35-year glacier study reveals looming crisis





Glaciers in Swiss Alps are disappearing at an alarming rate, forcing scientists to conclude that smaller glaciers will disappear altogether in the next decade
Glaciers in Swiss Alps are disappearing at an alarming rate, forcing scientists to conclude that smaller glaciers will disappear altogether in the next decade

A 35-year University of Salford study into river flow from glaciers in the Swiss Alps has revealed that lack of winter snow as well as warming air temperatures are causing glaciers to melt at an alarming rate – with some smaller glaciers likely to disappear in the next decade.



Professor David Collins from the University’s School of Environment & Life Sciences has been measuring river flow from Gornergletscher, near Zermatt since 1974 – and the project now has the longest, most continuous and most detailed records of meltwater discharge and glacier river water quality in the world.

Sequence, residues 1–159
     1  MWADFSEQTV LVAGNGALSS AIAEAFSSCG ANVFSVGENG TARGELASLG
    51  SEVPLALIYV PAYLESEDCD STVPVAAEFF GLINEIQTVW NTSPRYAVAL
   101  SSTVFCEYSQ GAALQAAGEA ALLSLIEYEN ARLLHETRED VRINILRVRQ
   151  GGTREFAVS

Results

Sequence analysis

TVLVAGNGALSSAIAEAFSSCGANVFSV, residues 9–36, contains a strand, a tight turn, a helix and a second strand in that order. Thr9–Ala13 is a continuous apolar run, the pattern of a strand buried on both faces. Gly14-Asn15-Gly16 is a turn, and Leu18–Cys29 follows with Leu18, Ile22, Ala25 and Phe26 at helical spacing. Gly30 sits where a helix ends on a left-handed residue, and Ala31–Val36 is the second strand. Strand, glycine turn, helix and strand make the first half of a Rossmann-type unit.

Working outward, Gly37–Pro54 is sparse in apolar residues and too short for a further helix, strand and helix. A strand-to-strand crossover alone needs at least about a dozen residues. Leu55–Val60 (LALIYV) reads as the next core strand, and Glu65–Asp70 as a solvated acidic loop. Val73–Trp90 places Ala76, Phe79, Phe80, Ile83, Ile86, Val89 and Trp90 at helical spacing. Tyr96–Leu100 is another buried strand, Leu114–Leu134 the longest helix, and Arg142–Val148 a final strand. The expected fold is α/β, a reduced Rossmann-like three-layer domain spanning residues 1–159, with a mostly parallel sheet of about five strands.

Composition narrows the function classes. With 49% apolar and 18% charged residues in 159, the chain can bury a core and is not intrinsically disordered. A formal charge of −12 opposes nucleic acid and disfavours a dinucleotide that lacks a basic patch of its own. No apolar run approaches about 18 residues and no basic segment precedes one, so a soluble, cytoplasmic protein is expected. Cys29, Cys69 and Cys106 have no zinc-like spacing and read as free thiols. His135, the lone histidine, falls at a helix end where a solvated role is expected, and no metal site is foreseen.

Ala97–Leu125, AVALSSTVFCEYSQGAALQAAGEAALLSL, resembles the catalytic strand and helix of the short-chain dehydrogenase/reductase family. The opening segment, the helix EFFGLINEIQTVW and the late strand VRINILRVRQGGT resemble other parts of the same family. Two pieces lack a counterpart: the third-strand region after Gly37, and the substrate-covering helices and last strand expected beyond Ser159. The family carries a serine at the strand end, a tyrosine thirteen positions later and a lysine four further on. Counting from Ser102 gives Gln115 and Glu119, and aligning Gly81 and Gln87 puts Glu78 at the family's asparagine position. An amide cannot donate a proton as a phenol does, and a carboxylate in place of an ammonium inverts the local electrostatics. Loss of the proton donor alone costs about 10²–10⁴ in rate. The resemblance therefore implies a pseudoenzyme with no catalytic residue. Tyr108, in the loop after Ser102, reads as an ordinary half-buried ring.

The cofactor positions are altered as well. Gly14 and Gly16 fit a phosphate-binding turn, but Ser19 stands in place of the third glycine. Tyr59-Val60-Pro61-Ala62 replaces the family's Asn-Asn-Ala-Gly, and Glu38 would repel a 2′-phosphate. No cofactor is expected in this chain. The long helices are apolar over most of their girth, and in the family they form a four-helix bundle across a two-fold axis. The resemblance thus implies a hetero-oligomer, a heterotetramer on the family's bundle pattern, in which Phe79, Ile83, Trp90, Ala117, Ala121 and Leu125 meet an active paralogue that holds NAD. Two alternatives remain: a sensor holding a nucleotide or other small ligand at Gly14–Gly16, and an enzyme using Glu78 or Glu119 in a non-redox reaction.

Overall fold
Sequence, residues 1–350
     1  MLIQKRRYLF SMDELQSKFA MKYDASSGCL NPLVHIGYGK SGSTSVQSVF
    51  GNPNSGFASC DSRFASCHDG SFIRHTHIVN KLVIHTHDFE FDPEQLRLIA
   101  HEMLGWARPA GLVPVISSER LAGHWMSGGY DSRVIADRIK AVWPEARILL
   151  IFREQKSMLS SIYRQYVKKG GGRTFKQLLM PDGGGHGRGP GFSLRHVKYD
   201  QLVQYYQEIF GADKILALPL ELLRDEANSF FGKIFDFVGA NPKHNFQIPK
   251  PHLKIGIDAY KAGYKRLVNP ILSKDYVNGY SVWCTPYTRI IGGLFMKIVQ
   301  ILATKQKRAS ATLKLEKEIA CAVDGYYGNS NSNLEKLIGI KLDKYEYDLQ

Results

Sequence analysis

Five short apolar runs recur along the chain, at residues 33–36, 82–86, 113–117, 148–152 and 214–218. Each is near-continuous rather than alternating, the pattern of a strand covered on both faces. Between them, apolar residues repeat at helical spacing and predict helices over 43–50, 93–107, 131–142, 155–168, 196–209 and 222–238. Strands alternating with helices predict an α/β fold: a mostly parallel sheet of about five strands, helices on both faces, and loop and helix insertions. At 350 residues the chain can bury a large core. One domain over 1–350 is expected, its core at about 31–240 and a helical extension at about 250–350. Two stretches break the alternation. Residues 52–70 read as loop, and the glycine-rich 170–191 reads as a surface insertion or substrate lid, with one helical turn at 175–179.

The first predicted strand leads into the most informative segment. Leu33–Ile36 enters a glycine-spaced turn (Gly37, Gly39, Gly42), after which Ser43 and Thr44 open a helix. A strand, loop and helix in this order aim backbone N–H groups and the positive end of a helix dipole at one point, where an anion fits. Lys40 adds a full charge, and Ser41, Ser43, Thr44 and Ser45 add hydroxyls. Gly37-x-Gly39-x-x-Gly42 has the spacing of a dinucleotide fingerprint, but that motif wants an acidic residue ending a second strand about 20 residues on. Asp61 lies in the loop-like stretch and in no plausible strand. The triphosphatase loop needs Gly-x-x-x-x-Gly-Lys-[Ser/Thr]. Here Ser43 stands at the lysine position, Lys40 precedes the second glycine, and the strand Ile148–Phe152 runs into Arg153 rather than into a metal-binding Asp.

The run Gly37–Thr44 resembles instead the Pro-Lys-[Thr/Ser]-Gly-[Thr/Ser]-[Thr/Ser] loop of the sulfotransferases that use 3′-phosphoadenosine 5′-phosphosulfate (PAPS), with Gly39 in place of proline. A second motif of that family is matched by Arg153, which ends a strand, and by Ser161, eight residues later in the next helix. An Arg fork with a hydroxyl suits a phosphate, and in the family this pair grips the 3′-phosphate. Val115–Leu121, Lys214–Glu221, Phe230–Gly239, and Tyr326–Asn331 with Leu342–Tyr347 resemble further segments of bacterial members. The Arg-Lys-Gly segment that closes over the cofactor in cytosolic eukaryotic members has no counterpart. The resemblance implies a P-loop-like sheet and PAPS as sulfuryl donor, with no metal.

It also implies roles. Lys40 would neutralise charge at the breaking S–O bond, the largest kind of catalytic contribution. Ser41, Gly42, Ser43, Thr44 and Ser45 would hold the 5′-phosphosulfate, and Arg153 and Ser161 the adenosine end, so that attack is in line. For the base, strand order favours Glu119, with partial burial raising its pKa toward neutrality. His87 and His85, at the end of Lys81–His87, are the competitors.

River flows have doubled since the 1970s, but are now starting to reduce. Declining flows will allow river temperatures to increase and dissolved oxygen levels to fall – changing the Alpine meltwater eco-system forever.


Professor Collins said: “The contribution of river flow from the loss of ice can’t go on forever. When these glaciers disappear completely there will be no meltwater at all and flow will be greatly decreased and will have changed nutrient characteristics.”



The ongoing experiment, which measures water flow, water temperature and solute chemistry, now runs with automatic data collection throughout the year. Professor Collins began his study as a PhD student back in 1974. Since then he has been taking undergraduate and postgraduate students from Salford and other universities on field trips every summer.



“The result of these changes to our eco-system will simply be disastrous for hydropower and for aquatic life,” warned Professor Collins.

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